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Timothy F. Tyler, Brandon M. Schmitt, Stephen J. Nicholas and Malachy P. McHugh

Context:

Hamstring-strain injuries have a high recurrence rate.

Objective:

To determine if a protocol emphasizing eccentric strength training with the hamstrings in a lengthened position resulted in a low recurrence rate.

Design:

Longitudinal cohort study.

Setting:

Sports-medicine physical therapy clinic.

Participants:

Fifty athletes with hamstring-strain injury (age 36 ± 16 y; 30 men, 20 women; 3 G1, 43 G2, 4 G3; 25 recurrent injuries) followed a 3-phase rehabilitation protocol emphasizing eccentric strengthening with the hamstrings in a lengthened position.

Main Outcome Measures:

Injury recurrence; isometric hamstring strength at 80°, 60°, 40°, and 20° knee flexion in sitting with the thigh flexed to 40° above the horizontal and the seat back at 90° to the horizontal (strength tested before return to sport).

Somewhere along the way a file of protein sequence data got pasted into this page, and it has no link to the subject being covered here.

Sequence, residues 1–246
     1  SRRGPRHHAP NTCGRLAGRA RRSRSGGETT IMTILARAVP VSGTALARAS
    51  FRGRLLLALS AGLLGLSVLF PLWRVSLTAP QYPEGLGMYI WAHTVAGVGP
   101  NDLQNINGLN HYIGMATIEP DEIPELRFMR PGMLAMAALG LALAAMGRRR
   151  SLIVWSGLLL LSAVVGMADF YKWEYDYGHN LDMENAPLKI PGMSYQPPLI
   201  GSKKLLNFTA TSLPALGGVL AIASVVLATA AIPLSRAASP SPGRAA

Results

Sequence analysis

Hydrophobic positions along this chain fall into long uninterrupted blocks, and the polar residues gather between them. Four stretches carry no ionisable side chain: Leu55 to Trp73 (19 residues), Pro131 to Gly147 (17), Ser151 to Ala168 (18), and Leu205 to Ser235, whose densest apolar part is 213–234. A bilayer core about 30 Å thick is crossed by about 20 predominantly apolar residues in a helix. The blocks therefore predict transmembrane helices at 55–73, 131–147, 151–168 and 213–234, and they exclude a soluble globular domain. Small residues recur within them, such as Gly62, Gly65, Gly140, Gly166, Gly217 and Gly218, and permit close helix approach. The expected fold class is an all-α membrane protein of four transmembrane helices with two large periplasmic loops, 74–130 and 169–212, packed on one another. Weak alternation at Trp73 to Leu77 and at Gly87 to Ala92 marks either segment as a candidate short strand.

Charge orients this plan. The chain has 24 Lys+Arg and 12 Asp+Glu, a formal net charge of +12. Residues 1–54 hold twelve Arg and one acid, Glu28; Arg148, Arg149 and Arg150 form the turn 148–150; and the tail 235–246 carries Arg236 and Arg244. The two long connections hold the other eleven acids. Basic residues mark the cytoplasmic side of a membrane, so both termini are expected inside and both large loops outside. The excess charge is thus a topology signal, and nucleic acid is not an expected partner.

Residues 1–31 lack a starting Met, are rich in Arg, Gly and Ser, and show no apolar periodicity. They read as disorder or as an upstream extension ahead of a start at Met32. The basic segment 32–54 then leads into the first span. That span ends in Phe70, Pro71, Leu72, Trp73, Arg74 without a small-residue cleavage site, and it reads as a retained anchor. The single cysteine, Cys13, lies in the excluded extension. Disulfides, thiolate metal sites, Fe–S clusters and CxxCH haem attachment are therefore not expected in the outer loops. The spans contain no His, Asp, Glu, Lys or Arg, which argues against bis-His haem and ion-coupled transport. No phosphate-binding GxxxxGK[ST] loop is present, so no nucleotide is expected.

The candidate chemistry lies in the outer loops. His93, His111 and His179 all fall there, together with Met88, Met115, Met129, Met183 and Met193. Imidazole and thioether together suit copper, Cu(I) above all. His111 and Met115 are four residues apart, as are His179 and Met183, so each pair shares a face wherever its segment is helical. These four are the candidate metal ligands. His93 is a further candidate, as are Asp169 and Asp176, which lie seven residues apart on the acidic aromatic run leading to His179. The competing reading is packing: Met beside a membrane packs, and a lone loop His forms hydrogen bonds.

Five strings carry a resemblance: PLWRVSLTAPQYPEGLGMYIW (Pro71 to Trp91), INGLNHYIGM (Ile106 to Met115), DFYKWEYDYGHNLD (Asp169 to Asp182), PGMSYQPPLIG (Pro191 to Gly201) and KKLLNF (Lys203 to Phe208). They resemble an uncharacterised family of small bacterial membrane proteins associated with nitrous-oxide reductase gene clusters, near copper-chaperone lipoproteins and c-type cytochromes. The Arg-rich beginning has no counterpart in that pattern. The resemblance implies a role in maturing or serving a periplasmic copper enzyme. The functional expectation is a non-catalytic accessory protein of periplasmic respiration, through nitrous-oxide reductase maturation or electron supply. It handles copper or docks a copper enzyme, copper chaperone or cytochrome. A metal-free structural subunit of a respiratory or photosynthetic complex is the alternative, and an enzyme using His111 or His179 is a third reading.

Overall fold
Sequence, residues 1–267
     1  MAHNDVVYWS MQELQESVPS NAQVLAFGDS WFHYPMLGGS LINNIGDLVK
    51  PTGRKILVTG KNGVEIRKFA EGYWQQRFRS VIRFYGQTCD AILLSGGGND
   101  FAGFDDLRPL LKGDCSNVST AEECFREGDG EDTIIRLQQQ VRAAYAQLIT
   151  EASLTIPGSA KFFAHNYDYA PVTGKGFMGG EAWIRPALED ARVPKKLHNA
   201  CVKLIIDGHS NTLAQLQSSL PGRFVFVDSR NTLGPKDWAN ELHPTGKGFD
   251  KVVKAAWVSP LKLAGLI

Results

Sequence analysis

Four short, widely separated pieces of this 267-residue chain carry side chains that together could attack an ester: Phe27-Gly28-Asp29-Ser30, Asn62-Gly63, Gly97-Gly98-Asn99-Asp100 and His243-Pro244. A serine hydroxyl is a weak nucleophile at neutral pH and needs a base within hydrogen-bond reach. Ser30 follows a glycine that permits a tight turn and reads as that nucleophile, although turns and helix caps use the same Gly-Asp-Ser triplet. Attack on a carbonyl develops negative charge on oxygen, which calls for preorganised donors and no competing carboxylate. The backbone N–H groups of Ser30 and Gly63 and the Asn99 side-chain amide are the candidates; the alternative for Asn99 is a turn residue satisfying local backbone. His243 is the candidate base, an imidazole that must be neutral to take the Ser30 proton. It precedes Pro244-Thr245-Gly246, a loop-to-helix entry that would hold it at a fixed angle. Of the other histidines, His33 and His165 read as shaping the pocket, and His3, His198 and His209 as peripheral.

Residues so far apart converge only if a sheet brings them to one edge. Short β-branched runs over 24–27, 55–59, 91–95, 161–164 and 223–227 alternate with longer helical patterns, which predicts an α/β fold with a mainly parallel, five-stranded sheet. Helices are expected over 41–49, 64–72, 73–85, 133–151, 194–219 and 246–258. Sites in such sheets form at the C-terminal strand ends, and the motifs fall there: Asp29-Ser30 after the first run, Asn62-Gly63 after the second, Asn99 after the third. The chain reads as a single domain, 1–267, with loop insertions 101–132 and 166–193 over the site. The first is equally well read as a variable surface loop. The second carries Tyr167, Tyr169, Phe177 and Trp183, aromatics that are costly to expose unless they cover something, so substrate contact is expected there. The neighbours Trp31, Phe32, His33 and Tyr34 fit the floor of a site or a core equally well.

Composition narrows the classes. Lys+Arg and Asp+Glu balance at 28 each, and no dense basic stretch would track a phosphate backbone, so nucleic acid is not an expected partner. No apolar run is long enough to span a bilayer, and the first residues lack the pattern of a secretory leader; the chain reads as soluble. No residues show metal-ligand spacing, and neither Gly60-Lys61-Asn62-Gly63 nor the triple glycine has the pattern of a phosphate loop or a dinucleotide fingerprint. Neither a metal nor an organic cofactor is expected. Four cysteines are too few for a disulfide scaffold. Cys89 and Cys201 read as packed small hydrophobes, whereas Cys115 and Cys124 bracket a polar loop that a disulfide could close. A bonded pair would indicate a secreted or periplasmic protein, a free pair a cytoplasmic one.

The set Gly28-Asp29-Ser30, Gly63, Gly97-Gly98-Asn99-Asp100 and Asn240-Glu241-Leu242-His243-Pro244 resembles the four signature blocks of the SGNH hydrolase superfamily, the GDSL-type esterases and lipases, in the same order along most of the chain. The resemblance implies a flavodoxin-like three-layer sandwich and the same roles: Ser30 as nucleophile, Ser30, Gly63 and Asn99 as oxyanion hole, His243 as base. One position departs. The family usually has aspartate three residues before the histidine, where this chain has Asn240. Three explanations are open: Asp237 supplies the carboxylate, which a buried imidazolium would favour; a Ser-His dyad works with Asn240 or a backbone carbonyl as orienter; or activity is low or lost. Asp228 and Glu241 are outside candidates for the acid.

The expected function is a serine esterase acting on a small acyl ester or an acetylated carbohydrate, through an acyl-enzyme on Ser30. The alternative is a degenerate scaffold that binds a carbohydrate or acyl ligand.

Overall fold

Results:

Four of the 50 athletes sustained reinjuries between 3 and 12 mo after return to sport (8% recurrence rate). The other 42 athletes had not sustained a reinjury at an average of 24 ± 12 mo after return to sport. Eight noncompliant athletes did not complete the rehabilitation and returned to sport before initiating eccentric strengthening in the lengthened state. All 4 reinjuries occurred in these noncompliant athletes. At time of return to sport, compliant athletes had full restoration of strength while noncompliant athletes had significant hamstring weakness, which was progressively worse at longer muscle lengths (compliance × side × angle P = .006; involved vs noninvolved at 20°, compliant 7% stronger, noncompliant 43% weaker).

Conclusion:

Compliance with rehabilitation emphasizing eccentric strengthening with the hamstrings in a lengthened position resulted in no reinjuries.

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Byron Lai, Eunbi Lee, Mayumi Wagatsuma, Georgia Frey, Heidi Stanish, Taeyou Jung and James H. Rimmer

youth periods provide health care professionals with an opportunity to promote health-enhancing physical activity behavior that can likely be sustained throughout the adult lifespan. Identifying effective physical activity approaches before and during this transitional period is critical, as the